To the Editor:
In a recent issue of the Mercury, there were two apparently unrelated detailed articles dealing with related issues, namely, the marked in-crease in the rate of suicides in Kansas and the decrease in funding for mental health ser-vices.
Suicide is among the leading causes of death for several age groups. Why the decline in support for mental health services? Have we promised too much? Not addressed is the issue of prejudice regarding suicidal persons. Largely in the background are themes of such per-sons as being weak-willed, cowardly, irresponsible — per-haps it would be good to get rid of them.
I recall a large-scale quest-ionnaire study of veterans that indicated that suicidal thoughts are rare but more common than the category “never.”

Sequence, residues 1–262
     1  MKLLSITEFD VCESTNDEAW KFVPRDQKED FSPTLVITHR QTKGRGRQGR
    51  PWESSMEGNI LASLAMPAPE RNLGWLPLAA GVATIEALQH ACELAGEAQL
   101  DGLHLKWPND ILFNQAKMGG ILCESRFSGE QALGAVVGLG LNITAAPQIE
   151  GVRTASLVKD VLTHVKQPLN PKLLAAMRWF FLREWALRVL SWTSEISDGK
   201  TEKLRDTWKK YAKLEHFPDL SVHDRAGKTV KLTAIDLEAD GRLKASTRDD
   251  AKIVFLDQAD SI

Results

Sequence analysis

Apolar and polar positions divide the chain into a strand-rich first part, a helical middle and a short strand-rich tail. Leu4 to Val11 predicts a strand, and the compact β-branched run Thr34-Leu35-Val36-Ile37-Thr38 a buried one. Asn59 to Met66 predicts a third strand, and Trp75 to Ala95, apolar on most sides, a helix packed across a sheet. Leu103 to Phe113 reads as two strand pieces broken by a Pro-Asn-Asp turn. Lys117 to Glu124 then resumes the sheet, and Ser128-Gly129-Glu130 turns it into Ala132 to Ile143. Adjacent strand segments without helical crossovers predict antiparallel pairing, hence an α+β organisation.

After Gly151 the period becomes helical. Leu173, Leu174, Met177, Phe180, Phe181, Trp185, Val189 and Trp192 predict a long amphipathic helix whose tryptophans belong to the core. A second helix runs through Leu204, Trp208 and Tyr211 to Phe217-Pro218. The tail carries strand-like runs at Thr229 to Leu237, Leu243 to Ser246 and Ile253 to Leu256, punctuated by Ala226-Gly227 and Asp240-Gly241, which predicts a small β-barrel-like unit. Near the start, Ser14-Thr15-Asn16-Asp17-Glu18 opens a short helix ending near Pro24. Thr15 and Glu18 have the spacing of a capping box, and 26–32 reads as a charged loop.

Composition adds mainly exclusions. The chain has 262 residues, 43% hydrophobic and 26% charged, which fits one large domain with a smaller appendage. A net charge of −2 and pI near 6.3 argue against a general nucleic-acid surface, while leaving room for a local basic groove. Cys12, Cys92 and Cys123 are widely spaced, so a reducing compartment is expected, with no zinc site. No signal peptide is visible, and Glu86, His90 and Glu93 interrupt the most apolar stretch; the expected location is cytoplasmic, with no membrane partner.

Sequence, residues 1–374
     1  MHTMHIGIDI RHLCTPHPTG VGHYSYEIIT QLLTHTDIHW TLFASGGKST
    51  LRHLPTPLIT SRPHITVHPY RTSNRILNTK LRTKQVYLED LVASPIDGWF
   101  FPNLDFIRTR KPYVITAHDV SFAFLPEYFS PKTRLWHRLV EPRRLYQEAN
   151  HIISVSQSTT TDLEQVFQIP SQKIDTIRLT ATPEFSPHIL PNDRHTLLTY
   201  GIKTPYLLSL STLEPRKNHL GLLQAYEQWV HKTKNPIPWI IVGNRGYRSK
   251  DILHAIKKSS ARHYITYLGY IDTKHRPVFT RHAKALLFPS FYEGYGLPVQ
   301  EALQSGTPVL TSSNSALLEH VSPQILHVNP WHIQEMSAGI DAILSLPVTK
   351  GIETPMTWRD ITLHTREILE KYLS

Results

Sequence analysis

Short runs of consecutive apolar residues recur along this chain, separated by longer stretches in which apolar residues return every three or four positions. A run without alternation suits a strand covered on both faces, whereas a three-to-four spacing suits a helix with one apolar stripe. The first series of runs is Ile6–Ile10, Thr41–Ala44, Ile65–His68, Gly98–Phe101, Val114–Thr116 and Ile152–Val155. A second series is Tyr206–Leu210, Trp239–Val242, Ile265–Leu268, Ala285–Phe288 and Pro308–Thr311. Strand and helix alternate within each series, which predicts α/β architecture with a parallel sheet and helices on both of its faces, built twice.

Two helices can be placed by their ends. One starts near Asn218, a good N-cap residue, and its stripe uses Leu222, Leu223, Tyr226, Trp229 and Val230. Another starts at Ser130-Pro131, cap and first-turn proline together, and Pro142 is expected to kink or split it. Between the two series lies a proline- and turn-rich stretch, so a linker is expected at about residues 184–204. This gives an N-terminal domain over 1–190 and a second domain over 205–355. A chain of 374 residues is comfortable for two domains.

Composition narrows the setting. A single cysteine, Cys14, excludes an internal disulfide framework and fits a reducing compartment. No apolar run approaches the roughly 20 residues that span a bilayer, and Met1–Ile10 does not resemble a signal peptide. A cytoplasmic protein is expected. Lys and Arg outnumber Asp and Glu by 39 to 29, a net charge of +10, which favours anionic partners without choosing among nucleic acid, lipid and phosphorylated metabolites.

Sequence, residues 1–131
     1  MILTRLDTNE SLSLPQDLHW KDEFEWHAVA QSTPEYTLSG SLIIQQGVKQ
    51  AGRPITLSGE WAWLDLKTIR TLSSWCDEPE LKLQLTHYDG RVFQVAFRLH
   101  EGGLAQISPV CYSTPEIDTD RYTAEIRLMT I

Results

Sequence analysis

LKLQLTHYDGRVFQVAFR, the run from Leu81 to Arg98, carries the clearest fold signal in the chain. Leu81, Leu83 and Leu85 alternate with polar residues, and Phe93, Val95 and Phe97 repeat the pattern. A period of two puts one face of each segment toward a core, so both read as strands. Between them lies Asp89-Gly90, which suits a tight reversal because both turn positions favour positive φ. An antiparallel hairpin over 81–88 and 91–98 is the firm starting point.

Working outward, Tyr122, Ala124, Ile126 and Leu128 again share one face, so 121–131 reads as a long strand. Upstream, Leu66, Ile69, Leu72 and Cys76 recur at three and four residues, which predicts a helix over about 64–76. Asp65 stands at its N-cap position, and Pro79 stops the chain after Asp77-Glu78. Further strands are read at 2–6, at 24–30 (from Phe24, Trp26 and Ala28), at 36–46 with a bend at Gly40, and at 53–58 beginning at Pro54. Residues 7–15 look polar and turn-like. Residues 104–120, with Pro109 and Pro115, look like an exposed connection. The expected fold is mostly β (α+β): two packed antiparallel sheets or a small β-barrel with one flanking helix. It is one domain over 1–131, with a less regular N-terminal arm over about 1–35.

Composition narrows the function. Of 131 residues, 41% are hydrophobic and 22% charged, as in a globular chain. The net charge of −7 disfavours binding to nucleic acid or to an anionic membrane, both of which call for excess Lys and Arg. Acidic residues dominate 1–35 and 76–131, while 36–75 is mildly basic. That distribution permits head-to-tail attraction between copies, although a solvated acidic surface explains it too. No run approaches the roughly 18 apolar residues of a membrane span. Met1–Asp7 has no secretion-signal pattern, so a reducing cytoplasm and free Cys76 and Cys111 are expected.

Sigmund Freud in his earlier writing referred to Eros, a love and life force, and Thanatos, a death force. The relationship between these is no longer a matter of concern in the mental health literature, perhaps because of their origins in Greek mythology. They are not au courant with the current genre of health with its emphasis on the behavioral, medical and scientific aspects of the human condition.
A death instinct such as Thanatos might offer some explanation, particularly among those age groups where hope, optimism thoughts of future potential might contrast with a “no exit” philosophy.
An emerging thought is to what extent there is a transcendent Thanatos evident in our lead-ership. Is our society so in-fluenced?
E. Robert Sinnett
1625 Leavenworth St.